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After the long career of lawman that made him a legend, Wyatt Earp deciedes to quit and join his brothers in Tombstone, Arizona. There he would see them in feud with Clantons, local clan of thugs and cattle thieves. When the showdown becomes inevitable, the help will come from Doc Holliday, terminally-ill gambler who happens to be another Wild West legend. Written by
Dragan Antulov <firstname.lastname@example.org>
Much of this film was shot at the famous "Old Tucson" facility, not far from the real Tombstone. However, its "town street" set was used surprisingly as Fort Griffin, Texas, in the opening reels, while later Tombstone street scenes were shot in southern California, on the same Paramount Ranch set that was later used as Virginia City, Nevada, on TV's Bonanza. See more »
When Wyatt Earp rides in to town, dismounts and walks toward Cotton Wilson's office, his holstered gun is clearly outside his jacket on the right hand side. But when he enters the sheriff's office, just one step later, his gun is not visible. See more »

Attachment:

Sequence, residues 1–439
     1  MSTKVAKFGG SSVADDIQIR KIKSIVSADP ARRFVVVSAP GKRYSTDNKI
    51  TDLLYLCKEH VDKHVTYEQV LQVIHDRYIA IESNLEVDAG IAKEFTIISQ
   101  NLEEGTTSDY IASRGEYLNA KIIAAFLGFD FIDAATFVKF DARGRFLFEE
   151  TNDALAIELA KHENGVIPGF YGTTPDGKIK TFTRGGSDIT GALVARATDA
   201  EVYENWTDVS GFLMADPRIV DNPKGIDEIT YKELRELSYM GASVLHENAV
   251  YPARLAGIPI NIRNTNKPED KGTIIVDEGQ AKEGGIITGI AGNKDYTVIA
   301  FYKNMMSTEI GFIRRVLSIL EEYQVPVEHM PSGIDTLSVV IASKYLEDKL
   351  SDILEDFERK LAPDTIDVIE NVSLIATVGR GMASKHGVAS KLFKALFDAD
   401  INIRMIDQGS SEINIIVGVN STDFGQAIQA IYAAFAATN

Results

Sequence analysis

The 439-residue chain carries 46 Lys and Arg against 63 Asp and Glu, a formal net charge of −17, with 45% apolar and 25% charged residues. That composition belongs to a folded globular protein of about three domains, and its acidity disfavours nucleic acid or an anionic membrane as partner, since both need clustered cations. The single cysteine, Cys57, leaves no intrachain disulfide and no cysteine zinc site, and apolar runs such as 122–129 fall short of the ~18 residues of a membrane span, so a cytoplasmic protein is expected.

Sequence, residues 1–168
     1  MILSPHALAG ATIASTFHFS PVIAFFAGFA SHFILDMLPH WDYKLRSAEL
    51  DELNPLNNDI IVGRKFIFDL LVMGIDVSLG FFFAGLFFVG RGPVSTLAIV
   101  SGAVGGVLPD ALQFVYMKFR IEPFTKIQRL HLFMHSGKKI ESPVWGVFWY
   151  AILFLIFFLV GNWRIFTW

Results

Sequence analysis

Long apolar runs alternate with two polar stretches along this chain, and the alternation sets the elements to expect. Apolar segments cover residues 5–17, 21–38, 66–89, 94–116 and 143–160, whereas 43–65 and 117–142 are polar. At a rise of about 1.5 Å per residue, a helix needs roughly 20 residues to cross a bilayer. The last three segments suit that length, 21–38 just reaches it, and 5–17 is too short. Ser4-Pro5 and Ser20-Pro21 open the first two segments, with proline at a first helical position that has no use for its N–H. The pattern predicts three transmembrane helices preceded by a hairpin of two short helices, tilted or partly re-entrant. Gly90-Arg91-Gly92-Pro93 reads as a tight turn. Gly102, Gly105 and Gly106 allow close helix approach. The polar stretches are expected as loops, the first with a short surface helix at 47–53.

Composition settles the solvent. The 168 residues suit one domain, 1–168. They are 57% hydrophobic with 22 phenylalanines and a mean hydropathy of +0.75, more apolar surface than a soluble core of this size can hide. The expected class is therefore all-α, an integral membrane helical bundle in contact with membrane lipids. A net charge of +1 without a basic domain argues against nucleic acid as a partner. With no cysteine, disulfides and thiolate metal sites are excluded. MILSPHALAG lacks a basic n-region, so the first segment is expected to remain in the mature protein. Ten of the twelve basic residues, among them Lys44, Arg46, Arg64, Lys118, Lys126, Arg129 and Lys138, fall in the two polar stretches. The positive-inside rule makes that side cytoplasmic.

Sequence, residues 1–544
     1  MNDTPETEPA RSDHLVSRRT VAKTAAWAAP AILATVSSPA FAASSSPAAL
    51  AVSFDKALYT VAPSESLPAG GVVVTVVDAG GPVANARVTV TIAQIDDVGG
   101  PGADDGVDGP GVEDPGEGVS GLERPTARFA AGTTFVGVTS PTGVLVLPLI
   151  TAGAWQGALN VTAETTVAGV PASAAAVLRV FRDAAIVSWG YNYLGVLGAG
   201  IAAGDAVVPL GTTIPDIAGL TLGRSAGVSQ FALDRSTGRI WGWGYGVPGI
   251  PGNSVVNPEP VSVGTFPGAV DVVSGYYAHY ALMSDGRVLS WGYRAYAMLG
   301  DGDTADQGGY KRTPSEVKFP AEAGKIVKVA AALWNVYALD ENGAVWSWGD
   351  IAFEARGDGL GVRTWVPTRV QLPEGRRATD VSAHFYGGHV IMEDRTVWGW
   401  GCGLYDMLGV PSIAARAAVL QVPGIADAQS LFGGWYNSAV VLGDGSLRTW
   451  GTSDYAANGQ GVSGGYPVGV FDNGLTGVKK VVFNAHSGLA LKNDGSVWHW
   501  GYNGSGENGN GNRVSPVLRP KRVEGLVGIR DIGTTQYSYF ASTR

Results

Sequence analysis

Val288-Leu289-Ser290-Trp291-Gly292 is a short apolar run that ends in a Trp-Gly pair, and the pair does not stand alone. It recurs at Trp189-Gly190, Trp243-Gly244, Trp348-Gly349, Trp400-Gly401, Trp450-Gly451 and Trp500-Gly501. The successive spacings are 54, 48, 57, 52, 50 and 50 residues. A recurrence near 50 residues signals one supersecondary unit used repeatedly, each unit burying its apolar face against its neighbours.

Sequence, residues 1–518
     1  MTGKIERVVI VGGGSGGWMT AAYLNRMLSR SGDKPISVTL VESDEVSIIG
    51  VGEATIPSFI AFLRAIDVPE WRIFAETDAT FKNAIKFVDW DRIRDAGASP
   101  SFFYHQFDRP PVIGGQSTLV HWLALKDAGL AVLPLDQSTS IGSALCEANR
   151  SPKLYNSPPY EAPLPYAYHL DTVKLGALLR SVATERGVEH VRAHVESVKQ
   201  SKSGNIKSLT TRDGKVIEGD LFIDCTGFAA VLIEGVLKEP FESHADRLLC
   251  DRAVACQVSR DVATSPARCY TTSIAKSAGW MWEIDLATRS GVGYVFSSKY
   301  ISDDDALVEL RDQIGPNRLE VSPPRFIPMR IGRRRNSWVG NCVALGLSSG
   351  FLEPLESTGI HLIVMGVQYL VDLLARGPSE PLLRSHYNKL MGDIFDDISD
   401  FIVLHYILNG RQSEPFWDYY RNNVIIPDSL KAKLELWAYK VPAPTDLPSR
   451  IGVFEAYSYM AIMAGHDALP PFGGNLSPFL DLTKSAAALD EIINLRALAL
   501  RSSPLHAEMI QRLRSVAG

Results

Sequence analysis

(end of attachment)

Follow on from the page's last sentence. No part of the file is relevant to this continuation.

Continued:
Hold up your right hand. Do you solemnly swear to uphold... oh, this is ridiculous. You're deputized. Grab some gear, I'll get the horses.
Dr. John 'Doc' Holliday:
Wait a minute, don't I get to wear a tin star?
Not on your life!
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Nice Colors, Two Big Stars Best Features Of This Version
The stories and films about Wyatt Earp, Doc Holliday and the Clantons are always interesting, at least to me. They've been put on film a half dozen times over the years. I think the best feature of this particular version was the beautiful, muted colors. Now that it's out on DVD, I would like to see this on a nice widescreen transfer. My only looks (two of them) were on VHS. Story-wise, most of the others Earp films were more interesting than this one.
What makes the story worth seeing are two big stars playing main roles: Burt Lancaster as "Wyatt Earp" and Kirk Douglas as "Doc Holliday." What's different about the story is that, unlike all other versions, Earp and Holliday are not good friends throughout this movie, although they wind up as allies in the final shootout. Also, the arguments between Holliday and his girlfriend "Kate" (Jo Van Fleet) grow tiresome after awhile.
Overall, this doesn't have enough action to satisfy today's viewers, except for the shootout scene at the end, which goes on for at least 10 minutes.
19 of 33 people found this review helpful.
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